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Reissued And Relevant, Marcos Valle's '70s Bossa Nova Returns

Marcos Valle in Los Angeles in 1968. (Courtesy of the artist)

Marcos Valle wasn't identified with Brazil's influential Tropicalia movement during the 1960s and 1970s. But, like his peers Caetano Veloso and Gilberto Gil, he made ambitious and subversive pop music during those years, mixing American soul and rock with samba, bossa nova and other Brazilian styles. His best work ranks with the most kinetically tuneful music Brazil has ever produced, and has been sampled by artists like Jay-Z and Kanye West.

This week, four of Valle's best records -- Marcos Valle, Garra, Vento Sul and Previsao Do Tempo -- are being reissued. They were made in the early 1970s, when Brazil was under military rule and government censors were always on the lookout. As the liner notes explain, Valle was forced to alter a line that celebrated race-mixing in the song "Black Is Beautiful." But in the title track from Garra, he got away with critiquing what he saw as a blindly capitalist culture. One line translates roughly as, "I run after money, ha ha, until my whole body collapses."

Valle wrapped his coded political commentary in seductive music that echoed The Beatles and Stevie Wonder. But his percussive vocal style feels very modern, as artists like Frank Ocean and Drake split the difference between rapping and soul-singing. The chill soul-jazz vibe of these records also sounds timely alongside recent records by Jose James and Robert Glasper. Valle is in his late 60s and still making forward-looking music, but these recordings show that he was making timeless jams pretty much from the get-go.

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Transcript

ROBERT SIEGEL, HOST:

Finally, this hour, music from Brazil that has gotten a lot of love in the U.S. Songs by Marcos Valle have been widely covered, especially his bossa nova hit from 1966 called "Summer Samba." His recordings have been sampled by Jay-Z and Kanye West. And this month, four of Valle's albums from the 1970s are being reissued. Our critic Will Hermes says these classics don't sound dated.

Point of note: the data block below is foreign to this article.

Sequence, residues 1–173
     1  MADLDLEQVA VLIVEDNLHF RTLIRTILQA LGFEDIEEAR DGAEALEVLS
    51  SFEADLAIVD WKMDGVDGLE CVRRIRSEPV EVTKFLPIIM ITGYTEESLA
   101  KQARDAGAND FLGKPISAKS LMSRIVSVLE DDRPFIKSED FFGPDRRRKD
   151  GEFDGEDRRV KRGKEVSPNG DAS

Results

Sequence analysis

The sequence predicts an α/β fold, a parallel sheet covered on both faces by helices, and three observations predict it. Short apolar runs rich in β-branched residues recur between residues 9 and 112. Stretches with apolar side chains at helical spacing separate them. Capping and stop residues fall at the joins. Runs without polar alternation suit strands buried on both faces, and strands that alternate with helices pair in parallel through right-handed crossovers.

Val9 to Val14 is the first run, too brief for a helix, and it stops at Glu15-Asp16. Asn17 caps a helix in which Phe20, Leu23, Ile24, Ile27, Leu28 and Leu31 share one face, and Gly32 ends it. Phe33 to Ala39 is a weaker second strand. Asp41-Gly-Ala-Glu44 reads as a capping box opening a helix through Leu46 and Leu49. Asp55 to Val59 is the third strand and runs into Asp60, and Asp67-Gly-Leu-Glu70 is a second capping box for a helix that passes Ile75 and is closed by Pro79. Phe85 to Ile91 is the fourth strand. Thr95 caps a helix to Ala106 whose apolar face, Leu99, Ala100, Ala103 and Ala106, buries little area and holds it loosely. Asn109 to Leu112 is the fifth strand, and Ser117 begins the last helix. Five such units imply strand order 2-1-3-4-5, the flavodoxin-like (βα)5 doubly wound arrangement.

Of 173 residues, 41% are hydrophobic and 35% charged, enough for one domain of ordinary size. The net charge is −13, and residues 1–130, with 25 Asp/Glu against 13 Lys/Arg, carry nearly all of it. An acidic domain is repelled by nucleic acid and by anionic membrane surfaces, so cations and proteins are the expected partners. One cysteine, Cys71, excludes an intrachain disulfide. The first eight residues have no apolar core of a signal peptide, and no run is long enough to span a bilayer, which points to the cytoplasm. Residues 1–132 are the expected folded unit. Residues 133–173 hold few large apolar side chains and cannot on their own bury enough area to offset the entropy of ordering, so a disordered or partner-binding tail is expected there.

(SOUNDBITE OF SONG, "MENTIRA")

WILL HERMES, BYLINE: Marcos Valle wasn't identified with Brazil's influential Tropicalia movement in the '60s and '70s. But, like his peers Caetano Veloso and Gilberto Gil, made ambitious and subversive pop music during those years, mixing soul and rock with samba, bossa nova and other Brazilian styles.

(SOUNDBITE OF SONG, "MENTIRA")

HERMES: And his best stuff ranks with the most kinetically tuneful music Brazil has ever produced.

(SOUNDBITE OF SONG, "OS OSSOS DO BARAO")

HERMES: The four Marcos Valle records that have just been reissued are four of his best records: "Marcos Valle," "Garra," "Vento Sul" and "Previsao Do Tempo." They were made in the early '70s when Brazil was under military rule and government censors were always on the lookout. As the liner notes explain, he was forced to alter a line that celebrated racial mixing on the song "Black is Beautiful." But on the title track from "Garra," Valle got away with critiquing what he saw as the country's blindly capitalist culture.

(SOUNDBITE OF SONG, "GARRA")

HERMES: One line translates roughly as: I run after money, ha-ha, until my whole body collapses.

(SOUNDBITE OF SONG, "GARRA")

HERMES: Marcos Valle wrapped his coded political commentary in seductive music that echoed The Beatles and Stevie Wonder, but his percussive vocal style feels very modern, as artists like Frank Ocean and Drake split the difference between rapping and singing. And the chill soul-jazz vibe of these records also sounds timely alongside recent records by Jose James and Robert Glasper.

(SOUNDBITE OF SONG, "NEM PALETO, NEM GRAVATA")

HERMES: Valle is in his late 60s and still making forward-looking music, but these recordings show he was making timeless jams pretty much from the get-go.

(SOUNDBITE OF SONG, "NEM PALETO, NEM GRAVATA")

SIEGEL: All four of the reissued albums by Marcos Valle will be available later this month. Our critic Will Hermes is author of the book "Love Goes to Buildings on Fire."

(SOUNDBITE OF SONG, "NEM PALETO, NEM GRAVATA")

AUDIE CORNISH, HOST:

You're listening to ALL THINGS CONSIDERED from NPR News. Transcript provided by NPR, Copyright NPR.

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